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Tech events tout sustainability, need meaningful metrics

Some companies are trying to make their events more environmentally responsible, but claims such as carbon offsetting must be examined carefully.

Technology vendors have not always considered sustainability in their event planning and operations, but that may be changing.

Driven by a few main forces such as regulations and demand from customers, suppliers and employees, more companies are focusing on sustainability goals. For example, the number of publicly listed corporations aiming for net zero more than doubled in two years from 417 to 929, according to the June 2023 Net Zero Stocktake report, compiled by experts from four independent research organizations.

Tech events are a high-profile area that some vendors are using to demonstrate their commitment to sustainability by reducing waste and their carbon footprint, even if the overall impact on the environmental bottom line is relatively small.

Most vendors, however, are not. And analysts warn that efforts such as carbon offsetting to travel to an event need to be carefully measured, while some messaging may be more about image, not impact.

Embedding sustainability in event planning, operations

The enterprise systems giant SAP has placed a stake in the ground for sustainability, through setting an ambitious net-zero goal by 2030 as a company and rolling out sustainability-related ERP products over the past few years.

The company has embedded its sustainability focus into the events it runs, including its annual Sapphire conference for customers and partners, according to Nicole Miller, senior programs director for global events at SAP.

In 2019, SAP worked with sustainability experts to assess its events and determine where it could make sustainability improvements, Miller said.

"We committed to a few things that we've tried to standardize across our tier one events portfolio," she said. "We aim to eliminate single-use plastics, reduce our carbon emissions and reduce energy consumption."

SAP partners with the Orange County Convention Center in Orlando, annual site for Sapphire, as well as Dallas-based event coordinator Freeman to plan sustainability goals, Miller said. The company is also working to reduce the overall number of conference attendees by holding smaller events in various global locations and offering the ability to attend virtually, a now-common offering thanks to the COVID-19 pandemic.

"We've heard from our customers that sustainability is important to them, so offering the virtual option has been a positive," she said. "As part of the virtual, we incentivized our viewers so that if you watched 10 sessions, we planted a tree for every tenth session you watched to offset that."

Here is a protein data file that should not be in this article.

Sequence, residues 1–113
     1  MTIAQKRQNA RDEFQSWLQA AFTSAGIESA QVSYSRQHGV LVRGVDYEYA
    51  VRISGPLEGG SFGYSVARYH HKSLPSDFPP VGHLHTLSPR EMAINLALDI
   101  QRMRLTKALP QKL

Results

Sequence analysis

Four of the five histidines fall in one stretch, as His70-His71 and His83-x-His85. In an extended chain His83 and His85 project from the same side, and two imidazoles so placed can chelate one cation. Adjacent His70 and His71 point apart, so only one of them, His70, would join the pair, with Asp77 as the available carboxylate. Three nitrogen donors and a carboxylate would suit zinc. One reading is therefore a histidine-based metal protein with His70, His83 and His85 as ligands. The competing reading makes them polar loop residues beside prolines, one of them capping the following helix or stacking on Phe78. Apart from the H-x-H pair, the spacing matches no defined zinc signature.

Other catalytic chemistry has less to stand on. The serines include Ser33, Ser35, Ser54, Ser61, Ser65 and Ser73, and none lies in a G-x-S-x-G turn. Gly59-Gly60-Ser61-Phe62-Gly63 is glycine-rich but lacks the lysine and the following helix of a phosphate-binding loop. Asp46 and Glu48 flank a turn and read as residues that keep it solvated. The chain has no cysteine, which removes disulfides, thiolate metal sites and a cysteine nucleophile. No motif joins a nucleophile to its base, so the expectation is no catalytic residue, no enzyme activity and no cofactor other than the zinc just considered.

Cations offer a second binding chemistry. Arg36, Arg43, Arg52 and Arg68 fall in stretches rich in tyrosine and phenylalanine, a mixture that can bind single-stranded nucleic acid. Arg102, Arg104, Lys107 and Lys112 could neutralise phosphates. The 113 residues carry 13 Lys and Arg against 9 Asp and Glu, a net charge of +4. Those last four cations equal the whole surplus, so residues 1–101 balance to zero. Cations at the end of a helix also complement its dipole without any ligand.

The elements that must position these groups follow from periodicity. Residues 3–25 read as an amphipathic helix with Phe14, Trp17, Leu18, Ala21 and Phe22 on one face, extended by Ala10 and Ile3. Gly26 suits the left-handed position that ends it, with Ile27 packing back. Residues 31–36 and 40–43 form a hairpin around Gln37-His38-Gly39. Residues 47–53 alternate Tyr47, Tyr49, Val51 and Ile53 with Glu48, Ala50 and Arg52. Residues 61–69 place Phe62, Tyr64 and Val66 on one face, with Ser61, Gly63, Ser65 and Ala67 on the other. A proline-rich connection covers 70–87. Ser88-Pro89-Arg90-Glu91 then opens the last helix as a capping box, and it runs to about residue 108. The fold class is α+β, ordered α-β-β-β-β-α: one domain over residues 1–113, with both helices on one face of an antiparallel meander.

Miller stressed, however, that the in-person event is not going away, as vendors, customers and partners find value in face-to-face interactions.

How to make a more sustainable tech event.
Technology vendors are working toward hosting more sustainable events.

Big events mean big waste

Freeman, SAP's partner in producing Sapphire, works with its partners on how to design and produce events more sustainably, according to Elizabeth Fretheim, the event coordinator's vice president for sustainability. Last year, Freeman produced 2,350 events in 137 cities around the world.

"We offer our customers guidance on how to make their events more sustainable, as well as post-event reporting to help them track their impacts and progress," Fretheim said.

This includes rental programs for items like flooring, booth structures and furniture that can then be reused several times before being repurposed or recycled at the end of life, she said. At Sapphire 2023, Freeman worked with SAP to recycle or reuse all the carpeting used at the conference.

However, trying to include sustainability in event planning is not easy, Fretheim said, as every city and venue is different, which makes it difficult for companies to build standard programs that scale. Planning the sustainability impact of an event can be challenging because so many entities are involved, including general contractors, organizers, caterers, travel providers, hotels, fabricators and freight transport. This makes it difficult to measure the exact carbon footprint of all the elements that go into the event.

"Each has its piece of the service delivery, so getting a complete picture of the impact takes a concerted effort and agreement for transparency," she said. "As well, it can require a lot of estimation because not every piece is discreet to that particular event, like energy in a venue that is hosting multiple events."

The larger an event is, the greater the environmental impact. Some tech vendors beyond SAP have recognized this and taken steps to address sustainability issues.

In 2022, Salesforce's Dreamforce conference drew about 40,000 attendees to San Francisco, where the company is headquartered. It took measures to reduce the event's carbon footprint and waste. Attendees were offered an ability to offset carbon generated by travel to the event and were not provided with customary swag such as backpacks and water bottles, while conference badges and lanyards were recyclable.

Eating is always a big waste generator, but Dreamforce offered 100% non-beef and non-pork lunches, saving on millions of gallons of water that would have been generated in beef and pork production, according to Salesforce. The lunches also used 100% compostable packaging and utensils.

Cisco also had initiatives to measure and reduce waste at its Cisco Live 2023 conference, which drew 20,000 to Las Vegas in June. Cisco partners with MeetGreen, an independent event management firm in Portland, Ore., to plan and audit sustainability efforts at the show.